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Integrating Cell and Toxin Cycles of Karlodinium veneficum with Key Environmental Regulators: In Situ Studies of Predictive Determinants for Bloom Toxicity

Author(s): Parrow, Matthew W.; Allen R. Place

NCCOS Center: CSCOR

Name of Publisher: University of North Carolina at Charlotte

Place of Publication: Charlotte, NC

Publication Type: Abstract

Date of Publication: 2015

Reference Information: CSCOR ECOHAB15-05 Project Summary

Keywords: Karlodinium veneficum; ECOHAB; karlotoxins; diel cycle; forecasting; Baltimore Harbor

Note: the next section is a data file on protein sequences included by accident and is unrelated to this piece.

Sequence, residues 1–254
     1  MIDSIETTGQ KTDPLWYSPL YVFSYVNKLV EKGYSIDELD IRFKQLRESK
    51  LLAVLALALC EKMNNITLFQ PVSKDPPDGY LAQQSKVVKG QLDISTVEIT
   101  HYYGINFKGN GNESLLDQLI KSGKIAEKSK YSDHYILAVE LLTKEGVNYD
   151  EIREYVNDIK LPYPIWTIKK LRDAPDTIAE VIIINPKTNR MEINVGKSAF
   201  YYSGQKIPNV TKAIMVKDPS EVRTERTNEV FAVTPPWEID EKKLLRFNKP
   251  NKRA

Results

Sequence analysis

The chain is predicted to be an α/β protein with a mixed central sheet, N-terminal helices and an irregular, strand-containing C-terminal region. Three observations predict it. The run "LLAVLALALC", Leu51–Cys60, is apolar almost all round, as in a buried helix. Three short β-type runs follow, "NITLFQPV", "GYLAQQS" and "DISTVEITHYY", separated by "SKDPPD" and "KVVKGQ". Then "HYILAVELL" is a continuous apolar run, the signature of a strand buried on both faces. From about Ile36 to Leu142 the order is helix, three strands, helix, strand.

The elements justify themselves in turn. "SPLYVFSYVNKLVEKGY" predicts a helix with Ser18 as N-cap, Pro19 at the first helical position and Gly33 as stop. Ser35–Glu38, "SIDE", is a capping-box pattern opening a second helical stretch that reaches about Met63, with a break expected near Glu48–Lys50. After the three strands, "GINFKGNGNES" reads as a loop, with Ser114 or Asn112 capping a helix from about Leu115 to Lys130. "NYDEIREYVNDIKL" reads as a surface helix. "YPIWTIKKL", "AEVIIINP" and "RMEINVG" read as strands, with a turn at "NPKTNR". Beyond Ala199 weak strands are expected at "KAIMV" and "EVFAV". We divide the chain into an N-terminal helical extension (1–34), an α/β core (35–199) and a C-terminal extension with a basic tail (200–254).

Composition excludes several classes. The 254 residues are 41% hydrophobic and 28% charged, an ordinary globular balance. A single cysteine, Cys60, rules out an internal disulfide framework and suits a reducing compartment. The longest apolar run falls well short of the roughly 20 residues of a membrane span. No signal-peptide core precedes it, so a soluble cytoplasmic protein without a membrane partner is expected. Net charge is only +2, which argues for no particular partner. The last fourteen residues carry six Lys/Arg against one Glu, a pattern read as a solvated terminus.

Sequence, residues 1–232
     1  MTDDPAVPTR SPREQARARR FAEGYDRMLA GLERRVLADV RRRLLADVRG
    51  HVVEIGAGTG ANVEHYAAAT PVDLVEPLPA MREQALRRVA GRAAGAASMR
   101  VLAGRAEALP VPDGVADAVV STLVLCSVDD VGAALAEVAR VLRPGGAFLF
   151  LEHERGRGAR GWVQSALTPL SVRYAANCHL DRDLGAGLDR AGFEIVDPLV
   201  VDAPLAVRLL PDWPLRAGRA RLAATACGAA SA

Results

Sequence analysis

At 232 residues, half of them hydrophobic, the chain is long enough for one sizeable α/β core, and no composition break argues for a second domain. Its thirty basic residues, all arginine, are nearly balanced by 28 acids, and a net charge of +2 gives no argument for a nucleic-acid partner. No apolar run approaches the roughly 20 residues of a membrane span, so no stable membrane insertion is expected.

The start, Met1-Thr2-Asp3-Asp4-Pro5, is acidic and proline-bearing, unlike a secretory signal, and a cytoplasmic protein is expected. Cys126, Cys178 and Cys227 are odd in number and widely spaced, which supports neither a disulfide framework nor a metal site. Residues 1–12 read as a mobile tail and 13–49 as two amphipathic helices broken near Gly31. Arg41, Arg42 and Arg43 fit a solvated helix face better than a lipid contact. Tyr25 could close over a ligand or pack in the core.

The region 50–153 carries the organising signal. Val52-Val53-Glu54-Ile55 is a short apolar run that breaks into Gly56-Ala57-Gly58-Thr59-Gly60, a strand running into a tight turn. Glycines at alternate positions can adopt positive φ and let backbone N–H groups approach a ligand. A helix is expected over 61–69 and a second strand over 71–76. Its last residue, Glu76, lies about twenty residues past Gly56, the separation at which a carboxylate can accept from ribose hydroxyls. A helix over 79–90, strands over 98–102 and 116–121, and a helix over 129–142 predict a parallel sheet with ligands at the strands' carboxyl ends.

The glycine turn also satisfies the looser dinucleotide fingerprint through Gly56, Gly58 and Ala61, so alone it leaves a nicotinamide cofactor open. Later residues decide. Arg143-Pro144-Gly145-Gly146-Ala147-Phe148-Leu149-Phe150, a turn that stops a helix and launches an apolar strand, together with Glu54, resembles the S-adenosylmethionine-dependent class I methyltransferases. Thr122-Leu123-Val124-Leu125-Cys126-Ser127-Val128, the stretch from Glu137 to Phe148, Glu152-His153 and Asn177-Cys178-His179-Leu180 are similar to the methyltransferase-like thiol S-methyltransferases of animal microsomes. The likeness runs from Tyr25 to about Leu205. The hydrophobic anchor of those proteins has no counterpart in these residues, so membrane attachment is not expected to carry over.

Abstract: The dinoflagellate Karlodinium veneficum blooms along Mid-Atlantic coasts and produces structurally characterized, quantifiable toxins called karlotoxins (KmTX) that kill fish and exhibit widespread toxicity to other organisms. However, toxicity varies widely among different bloom populations, and within populations over time. Coastal management requires knowledge and tools to better predict how, when, and why K. veneficum cells (and thus blooms) become highly toxic. Our recent research has demonstrated that karlotoxins increase significantly in stationary phase cultures, particularly under growth-limiting conditions caused by low N, P, or selenium (Se). These and other results strongly suggest a simple but strongly predictive inverse relationship between the rate of cell proliferation and cellular toxin quotas in K. veneficum populations. Furthermore, it has been recently found that karlotoxin production is light-dependant with a diel biosynthetic cycle that closely corresponds to the cell cycle. The objective of this project is to quantify the relationship between K. veneficum cell proliferation rates and toxicity in cultures and natural blooms by correlating the diel cell cycle, in situ growth rates, and cellular karlotoxin accumulation in relation to key environmental factors identified as primary growth/toxicity determinants of K. veneficum. The overall hypothesis is that growth-limited (slowly or non-proliferating) K. veneficum cells in both culture and field blooms will arrest in G1 for multiple L/D cycles, undergo several cycles of karlotoxin synthesis, and become significantly more toxic. Put simply, rapidly proliferating cells have a low toxin content whereas slowly or non-proliferating cells accumulate toxin and become more toxic. The experimental approach will be to examine cultures (Year 1) and natural blooms (Years 2 & 3) of K. veneficum for cell cycle progression, in situ growth, and karlotoxin accumulation over time and in relation to key environmental factors using digital microfluorometry and LC-mass spectrometry. Year 1 experiments will consist of laboratory range-finding studies and Year 2 & 3 experiments will consist of intensive bloom sampling and mesocosm experiments in the Baltimore Harbor where blooms of toxic K. veneficum are an annual phenomenon. This research will provide novel information on how K. veneficum in situ growth rates and toxicity are related and integrated with environmental factors, concepts which are critically needed to validate predictive models to forecast bloom growth and toxicity. Expected outcomes include adoption by area managers of information and techniques leading to better prediction of bloom toxicity, and improved quantitative understanding of the role of in situ population dynamics in K. veneficum bloom toxicity and ecology.

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